“There’s a guest of honor that’s inside,” Chef Rupert Blease says as he places a miniature pumpkin in front of me. I remove the top and inside, a bright orange squash soup steams, dotted with apple gastrique. He tells me to stir it. The soup hides pieces of wild Alaska pollock, gently poached in the repurposed gourd. These bits of white fish are the guest of honor, and the soup is one dish Blease has designed to integrate the ingredient into his kitchen.
Blease first started cooking with wild Alaska pollock at Lord Stanley, in San Francisco’s Russian Hill neighborhood, this past April. Thanks to a new push from Trident Seafoods to get the fish on dining tables across America, Blease is not alone. From New York’s fast-casual spot Charley St to Eden in Chicago, chefs are incorporating it into menus across the country. Trident CEO Joe Bundrant sees in wild Alaska pollock an opportunity to bring sustainable eating off the farm and into the open ocean. The family-run fishing company operates 44 boats off the coast of Alaska, and in a given year, wild Alaska pollock accounts for some 40 percent of the fish they catch. But until now, pollock has flown under the radar.
It’s not like Trident discovered pollock in 2019: it’s actually quite the opposite. Pollock has been a fixture of Alaska’s Bering Sea fisheries for decades—it’s just that no one has paid it much attention. Most of the fish has gone to markets abroad in Asia and Europe, and until recently, Alaska pollock referred to the species, not necessarily to pollock caught in Alaska. That meant you could go to a grocery store and see a product called Alaska pollock, which very well might have been caught in Russia, processed in China, and shipped to the local supermarket right alongside pollock that was caught and processed in Alaska. Thanks to national legislation passed in 2016, that’s no longer the case: Alaska pollock has to actually be from Alaska.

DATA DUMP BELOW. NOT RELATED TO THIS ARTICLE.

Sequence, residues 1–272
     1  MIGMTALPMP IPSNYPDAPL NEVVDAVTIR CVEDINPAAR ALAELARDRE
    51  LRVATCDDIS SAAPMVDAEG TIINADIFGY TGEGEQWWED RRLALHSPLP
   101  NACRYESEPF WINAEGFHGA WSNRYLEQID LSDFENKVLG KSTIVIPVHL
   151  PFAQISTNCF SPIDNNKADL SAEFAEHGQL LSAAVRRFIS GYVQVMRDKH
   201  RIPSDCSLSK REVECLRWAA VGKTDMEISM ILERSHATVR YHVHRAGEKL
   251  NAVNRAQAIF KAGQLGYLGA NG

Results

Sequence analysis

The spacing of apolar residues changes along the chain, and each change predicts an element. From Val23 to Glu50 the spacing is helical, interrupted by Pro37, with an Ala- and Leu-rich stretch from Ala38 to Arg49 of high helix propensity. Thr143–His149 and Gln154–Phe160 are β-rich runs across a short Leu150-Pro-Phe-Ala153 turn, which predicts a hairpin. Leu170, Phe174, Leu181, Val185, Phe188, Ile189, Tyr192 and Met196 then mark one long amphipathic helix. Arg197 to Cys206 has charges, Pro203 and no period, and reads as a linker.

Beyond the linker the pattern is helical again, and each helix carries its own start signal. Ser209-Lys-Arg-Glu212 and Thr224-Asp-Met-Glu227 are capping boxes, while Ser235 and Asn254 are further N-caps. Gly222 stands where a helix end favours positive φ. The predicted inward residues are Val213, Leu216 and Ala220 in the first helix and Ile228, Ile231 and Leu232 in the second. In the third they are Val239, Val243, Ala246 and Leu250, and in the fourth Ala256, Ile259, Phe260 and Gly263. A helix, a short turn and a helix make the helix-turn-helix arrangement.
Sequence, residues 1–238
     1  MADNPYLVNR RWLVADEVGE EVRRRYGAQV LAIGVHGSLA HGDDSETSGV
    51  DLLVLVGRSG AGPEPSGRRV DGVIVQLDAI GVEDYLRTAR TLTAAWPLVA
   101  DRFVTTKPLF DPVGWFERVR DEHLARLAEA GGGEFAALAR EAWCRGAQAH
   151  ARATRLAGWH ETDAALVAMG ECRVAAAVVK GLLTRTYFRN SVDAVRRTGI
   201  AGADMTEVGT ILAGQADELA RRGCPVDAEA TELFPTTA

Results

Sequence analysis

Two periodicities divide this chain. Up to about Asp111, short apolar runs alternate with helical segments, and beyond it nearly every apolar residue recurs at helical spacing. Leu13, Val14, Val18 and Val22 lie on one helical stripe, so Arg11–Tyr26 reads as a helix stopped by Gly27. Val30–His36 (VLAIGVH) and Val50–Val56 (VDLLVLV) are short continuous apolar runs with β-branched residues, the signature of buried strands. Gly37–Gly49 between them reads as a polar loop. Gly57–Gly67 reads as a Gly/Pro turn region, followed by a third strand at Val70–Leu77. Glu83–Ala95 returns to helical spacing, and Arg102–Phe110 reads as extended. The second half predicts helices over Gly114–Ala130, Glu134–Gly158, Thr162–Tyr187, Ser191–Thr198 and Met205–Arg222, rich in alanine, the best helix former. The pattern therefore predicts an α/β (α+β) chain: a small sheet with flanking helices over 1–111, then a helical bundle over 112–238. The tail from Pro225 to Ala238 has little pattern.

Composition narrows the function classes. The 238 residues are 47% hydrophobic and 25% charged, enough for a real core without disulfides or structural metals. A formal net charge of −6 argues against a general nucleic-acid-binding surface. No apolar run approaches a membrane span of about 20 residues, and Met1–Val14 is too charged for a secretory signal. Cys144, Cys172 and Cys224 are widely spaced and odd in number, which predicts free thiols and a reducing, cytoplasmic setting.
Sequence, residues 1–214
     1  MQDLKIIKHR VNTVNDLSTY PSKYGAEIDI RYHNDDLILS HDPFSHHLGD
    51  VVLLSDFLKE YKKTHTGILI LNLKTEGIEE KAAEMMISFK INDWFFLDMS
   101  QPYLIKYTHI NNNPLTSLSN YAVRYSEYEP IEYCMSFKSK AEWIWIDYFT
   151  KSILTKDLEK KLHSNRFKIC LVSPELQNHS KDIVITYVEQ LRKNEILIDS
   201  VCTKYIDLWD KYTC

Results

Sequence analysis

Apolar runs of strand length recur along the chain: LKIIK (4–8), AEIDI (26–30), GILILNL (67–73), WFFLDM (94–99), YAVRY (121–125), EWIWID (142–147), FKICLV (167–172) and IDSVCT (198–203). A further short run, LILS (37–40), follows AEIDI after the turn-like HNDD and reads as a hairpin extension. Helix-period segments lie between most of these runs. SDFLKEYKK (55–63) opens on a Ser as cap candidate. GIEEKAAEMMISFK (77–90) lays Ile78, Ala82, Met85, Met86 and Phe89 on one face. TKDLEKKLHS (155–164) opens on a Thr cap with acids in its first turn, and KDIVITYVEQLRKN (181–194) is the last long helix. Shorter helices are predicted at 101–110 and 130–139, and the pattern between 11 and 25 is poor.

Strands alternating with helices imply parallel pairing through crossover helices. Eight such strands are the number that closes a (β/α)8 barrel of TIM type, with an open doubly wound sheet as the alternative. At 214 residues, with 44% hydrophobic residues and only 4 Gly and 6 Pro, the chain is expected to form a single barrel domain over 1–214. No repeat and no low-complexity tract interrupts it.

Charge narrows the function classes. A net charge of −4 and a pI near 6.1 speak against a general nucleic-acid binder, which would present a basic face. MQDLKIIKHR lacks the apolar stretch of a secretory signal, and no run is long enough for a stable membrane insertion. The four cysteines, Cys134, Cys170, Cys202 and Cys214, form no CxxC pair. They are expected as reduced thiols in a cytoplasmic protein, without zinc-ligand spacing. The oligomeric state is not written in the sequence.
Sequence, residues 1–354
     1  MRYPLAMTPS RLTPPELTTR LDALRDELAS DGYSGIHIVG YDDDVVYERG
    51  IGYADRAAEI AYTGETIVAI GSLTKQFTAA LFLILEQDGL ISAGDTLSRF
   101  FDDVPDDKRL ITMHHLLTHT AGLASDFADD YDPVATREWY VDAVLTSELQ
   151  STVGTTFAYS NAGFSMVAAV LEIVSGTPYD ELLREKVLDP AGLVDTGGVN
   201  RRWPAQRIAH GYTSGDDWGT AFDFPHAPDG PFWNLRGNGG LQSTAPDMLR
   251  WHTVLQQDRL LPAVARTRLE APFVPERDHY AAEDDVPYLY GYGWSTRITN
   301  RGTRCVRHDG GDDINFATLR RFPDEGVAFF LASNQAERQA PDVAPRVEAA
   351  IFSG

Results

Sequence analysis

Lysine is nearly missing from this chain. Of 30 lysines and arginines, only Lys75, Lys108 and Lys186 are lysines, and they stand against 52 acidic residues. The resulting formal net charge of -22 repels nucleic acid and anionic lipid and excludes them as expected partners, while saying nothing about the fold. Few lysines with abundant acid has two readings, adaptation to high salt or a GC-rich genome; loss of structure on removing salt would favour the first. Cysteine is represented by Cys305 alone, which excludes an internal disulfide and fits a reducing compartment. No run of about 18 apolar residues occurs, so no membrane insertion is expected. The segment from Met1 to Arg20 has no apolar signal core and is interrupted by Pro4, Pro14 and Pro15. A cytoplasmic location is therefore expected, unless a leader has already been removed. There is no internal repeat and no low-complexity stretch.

Bundrant sees that as an opportunity to get more people eating the local, carefully-fished varietal. Granted, he’d like to see that as a business owner, but also as someone invested in the future of Alaska’s fisheries. The Marine Stewardship Council has certified Alaska’s pollock fishery the most abundant on the planet. And Alaska manages its fish stocks according to a sustainable yield principal, which means fishermen have to leave enough fish behind so that populations can replenish year after year. In a given year, commercial fleets catch only 15 percent of all the pollock out there.
That’s a big part of why Bundrant wants to see wild Alaska pollock on diners’ plates everywhere—whether at a Michelin restaurant like Lord Stanley, or breaded and fried into a McDonald’s Filet-o-Fish sandwich. A reliable supply of consistent quality is also much of the appeal for Chef Blease: In addition to fresh fish, Trident flash freezes fish at sea, which helps preserve freshness and guarantee steady availability. Blease buys both and says he can’t tell a difference between the two. Plus, “[Pollock] doesn’t need a whole lot of work to be done with it,” Blease says, though that hasn’t stopped him from doing a lot with it.
Besides wild Alaska pollock poached in butternut squash, Blease cures the fish and serves it on rye bread with yogurt, cucumber and dill—this is light and snackable; sophisticated and easy. He also blends the fish with Yukon gold potatoes, paprika oil, and smoked egg into a brandade that he calls “a dipping thing.” I’m tempted to ask for potato chips but tuck into warm bread instead. Finally, Blease brings wild Alaska pollock in its simplest form: the whole fish stuffed with slightly crunchy vegetables. The fish is firm and meaty, yet still light. I don’t, even for a second, wish it were salmon.
Originally Appeared on Vogue